Okay, here’s the thing. Discipline is a term reserved, I feel, for those who lack good judgement. When you make a broad and sweeping generalization of “undisciplined” you have to specify what behavior you are referencing.
Obviously Covey from Kushand Wisdom is referring to personal discipline. The question remains though; what particular standard of morals is he referring to? Being a slave to your moods can manifest some particularly interesting creations.
I would dare to ask if Van Gogh hadn’t been a slave to his mood, would he have produced “starry night?” If Benjamin Franklin hadn’t been a slave to his passion, would electricity have been invented when it was?
Anything in the extreme and done too much can possibly be bad for you. I emphasize possibly. I would caution using the word slave as well. If something possesses you to the point that you are not your own person, yes that’s not good. Yet if something were to consume you and bring forth the best side of you then I would argue, by all means, that you should subject yourself to it.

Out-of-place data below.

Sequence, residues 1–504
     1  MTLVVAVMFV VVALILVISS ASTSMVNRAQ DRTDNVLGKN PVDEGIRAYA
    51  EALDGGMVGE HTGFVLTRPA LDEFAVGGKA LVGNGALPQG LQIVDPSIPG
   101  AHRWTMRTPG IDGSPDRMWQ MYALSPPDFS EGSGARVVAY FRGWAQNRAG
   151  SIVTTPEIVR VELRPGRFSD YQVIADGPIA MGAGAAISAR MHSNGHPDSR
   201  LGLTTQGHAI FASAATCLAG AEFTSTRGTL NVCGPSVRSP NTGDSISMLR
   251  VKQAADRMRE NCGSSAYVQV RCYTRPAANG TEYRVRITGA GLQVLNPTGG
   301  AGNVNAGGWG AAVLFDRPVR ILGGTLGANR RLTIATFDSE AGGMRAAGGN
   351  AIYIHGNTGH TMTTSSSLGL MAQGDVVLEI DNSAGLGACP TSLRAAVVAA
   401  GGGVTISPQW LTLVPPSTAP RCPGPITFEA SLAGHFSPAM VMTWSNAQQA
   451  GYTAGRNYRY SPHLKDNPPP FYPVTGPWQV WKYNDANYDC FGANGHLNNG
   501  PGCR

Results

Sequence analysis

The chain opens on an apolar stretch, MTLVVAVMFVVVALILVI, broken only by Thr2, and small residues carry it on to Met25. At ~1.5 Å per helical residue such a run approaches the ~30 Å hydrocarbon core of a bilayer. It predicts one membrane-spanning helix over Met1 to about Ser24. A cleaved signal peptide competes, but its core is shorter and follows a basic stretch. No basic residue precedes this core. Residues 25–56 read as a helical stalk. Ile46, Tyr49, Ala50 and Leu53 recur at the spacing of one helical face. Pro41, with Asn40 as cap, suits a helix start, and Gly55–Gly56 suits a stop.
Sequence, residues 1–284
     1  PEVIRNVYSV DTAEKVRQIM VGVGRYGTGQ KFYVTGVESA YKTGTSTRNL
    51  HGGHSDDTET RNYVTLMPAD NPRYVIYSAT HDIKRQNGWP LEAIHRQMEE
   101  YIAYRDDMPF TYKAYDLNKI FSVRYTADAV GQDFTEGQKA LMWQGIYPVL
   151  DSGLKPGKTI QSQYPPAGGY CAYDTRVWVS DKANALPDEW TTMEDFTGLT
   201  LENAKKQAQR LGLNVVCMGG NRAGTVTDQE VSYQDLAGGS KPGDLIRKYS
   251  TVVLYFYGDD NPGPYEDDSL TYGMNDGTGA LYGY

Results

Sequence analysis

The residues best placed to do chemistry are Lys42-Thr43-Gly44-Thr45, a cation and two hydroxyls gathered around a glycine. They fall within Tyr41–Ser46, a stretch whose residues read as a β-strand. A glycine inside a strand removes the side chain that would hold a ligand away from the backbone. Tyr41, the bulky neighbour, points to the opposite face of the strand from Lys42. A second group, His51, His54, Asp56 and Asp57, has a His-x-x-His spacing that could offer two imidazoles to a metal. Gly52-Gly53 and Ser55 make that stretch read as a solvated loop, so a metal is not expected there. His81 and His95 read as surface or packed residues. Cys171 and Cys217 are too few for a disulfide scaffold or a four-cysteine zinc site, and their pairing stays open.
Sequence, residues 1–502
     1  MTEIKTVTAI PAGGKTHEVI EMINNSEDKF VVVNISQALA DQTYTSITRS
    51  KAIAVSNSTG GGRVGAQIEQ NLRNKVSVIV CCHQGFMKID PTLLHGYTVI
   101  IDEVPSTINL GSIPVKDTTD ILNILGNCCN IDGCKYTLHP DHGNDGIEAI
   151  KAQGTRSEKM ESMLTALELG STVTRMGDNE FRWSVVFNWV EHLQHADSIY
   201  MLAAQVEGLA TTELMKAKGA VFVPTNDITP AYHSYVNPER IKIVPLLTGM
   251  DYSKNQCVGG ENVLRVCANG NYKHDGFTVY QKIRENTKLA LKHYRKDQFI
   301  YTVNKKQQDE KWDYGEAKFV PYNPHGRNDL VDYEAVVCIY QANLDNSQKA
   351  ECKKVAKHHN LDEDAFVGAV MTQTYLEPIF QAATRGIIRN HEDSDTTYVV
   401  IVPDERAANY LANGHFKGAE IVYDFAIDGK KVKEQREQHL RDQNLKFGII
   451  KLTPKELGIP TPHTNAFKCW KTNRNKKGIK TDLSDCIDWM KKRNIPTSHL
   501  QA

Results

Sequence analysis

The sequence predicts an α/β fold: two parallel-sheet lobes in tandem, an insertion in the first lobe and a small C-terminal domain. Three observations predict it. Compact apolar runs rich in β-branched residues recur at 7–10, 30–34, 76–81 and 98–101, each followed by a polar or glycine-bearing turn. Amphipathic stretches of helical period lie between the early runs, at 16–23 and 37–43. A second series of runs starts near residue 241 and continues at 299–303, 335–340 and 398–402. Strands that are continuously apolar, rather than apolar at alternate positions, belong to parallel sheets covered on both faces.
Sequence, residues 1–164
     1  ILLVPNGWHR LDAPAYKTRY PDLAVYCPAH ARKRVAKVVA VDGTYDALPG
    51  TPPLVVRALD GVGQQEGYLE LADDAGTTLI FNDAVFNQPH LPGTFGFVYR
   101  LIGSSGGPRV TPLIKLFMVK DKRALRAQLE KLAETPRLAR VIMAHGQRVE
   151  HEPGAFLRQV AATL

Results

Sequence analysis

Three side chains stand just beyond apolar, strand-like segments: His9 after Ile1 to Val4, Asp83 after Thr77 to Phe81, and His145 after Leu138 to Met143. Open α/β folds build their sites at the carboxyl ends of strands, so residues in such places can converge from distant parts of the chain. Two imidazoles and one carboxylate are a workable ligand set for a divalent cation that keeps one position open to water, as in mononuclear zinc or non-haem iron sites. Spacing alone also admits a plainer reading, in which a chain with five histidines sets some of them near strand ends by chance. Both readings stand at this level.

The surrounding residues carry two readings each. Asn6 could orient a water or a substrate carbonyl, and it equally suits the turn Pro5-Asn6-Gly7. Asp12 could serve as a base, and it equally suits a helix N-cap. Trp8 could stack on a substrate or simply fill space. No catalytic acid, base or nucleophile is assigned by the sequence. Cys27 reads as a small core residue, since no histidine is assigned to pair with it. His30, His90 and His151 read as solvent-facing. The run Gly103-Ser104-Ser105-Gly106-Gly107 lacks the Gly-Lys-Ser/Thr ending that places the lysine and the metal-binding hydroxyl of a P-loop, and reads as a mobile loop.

What this should say is that someone with no moral code rather than the undisciplined are slaves. Really it shouldn’t say slaves either. Pure and simple. So pay no mind to this. Have a passion. Have things that motivate you and give you an appetite to achieve a better version of yourself.
The morally undisciplined are subject to randomness. Covet could have said that and been more accurate as well as more descriptive of what this nonsense is depicting.